Liz Smith, New York’s Grande Dame of Gossip, Dies at 94

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Liz Smith, the Grande Dame of Hollywood and political gossip  whose newspaper column emanating from New York satisfied readers’ joy for  gossip about the rich and famous for more than three decades, has died. She was 94.

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Smith’s column at one point was syndicated in about 75 papers around the world and read by as many as 50 million people each day.

 

Literary agent Joni Evans told The Associated Press she died in New York on Sunday of natural causes.

 

A native of Fort Worth, Texas, who arrived in Manhattan by train in 1949, Smith once famously defined gossip as “news running ahead of itself in a red satin dress.”

 

She began her self-titled gossip column at the New York Daily News on Feb. 16, 1976, and enjoyed immense reader loyalty.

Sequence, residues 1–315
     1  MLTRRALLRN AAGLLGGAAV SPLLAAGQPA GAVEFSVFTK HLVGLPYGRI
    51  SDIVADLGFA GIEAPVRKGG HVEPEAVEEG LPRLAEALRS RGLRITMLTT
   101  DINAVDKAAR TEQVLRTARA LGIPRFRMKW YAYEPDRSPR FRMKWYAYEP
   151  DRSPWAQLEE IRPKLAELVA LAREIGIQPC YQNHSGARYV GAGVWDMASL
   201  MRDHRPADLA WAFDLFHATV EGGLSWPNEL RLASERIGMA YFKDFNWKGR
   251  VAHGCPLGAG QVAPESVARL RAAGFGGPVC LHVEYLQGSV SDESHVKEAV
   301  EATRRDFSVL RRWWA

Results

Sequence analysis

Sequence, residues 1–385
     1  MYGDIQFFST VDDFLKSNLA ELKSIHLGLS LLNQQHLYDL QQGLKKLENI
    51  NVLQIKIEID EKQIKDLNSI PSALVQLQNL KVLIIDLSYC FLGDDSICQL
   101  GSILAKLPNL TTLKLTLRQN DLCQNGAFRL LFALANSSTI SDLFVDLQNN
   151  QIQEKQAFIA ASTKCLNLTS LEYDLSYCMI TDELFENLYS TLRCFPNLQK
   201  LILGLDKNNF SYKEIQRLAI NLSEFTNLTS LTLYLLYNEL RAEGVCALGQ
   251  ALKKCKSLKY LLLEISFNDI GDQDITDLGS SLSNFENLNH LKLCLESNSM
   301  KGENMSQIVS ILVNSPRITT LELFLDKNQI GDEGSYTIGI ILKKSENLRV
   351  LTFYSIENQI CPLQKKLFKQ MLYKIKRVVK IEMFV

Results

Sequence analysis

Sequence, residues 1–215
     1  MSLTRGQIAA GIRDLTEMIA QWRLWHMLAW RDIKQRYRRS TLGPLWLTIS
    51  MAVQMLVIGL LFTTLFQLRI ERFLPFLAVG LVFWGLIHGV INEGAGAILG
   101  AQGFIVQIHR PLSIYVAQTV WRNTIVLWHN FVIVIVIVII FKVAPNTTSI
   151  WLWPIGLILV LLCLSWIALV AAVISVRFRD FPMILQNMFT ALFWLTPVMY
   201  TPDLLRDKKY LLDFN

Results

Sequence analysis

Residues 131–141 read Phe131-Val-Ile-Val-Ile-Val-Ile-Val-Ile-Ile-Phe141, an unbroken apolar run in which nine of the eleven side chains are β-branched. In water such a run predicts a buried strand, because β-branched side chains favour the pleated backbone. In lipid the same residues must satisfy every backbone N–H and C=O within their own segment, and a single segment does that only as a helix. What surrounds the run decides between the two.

After writing for New York Newsday from 1991-95, she was lured to the New York Post, where she remained until the paper unceremoniously pink-slipped her in 2009 when she was 86. At one point, she had been earning $1 million a year.

 

 

Smith was born in Fort Worth on Feb. 2, 1923. She married her college sweetheart, George Edward Beeman, in 1944, but they divorced three years later. “I married a guy I really cared about,” she said, “a strong, silent type, 6 [foot] 4. But he wanted to be a rancher in Texas, and I wanted to get out of there. … It was sad, but I was desperate to get to New York.”

 

She graduated from the University of Texas at Austin in 1949 with a degree in journalism and bought a one-way ticket to the Big Apple a few months later. “I didn’t have any money, so it wasn’t terribly glamorous,” she said. “I only had $50 when my train rolled into Penn Station. But I found some friends of mine who had graduated earlier, and they showed me the ropes.”

 

 

Written By: Tommy Lightfoot Garrett
Photographs are Courtesy:  AP
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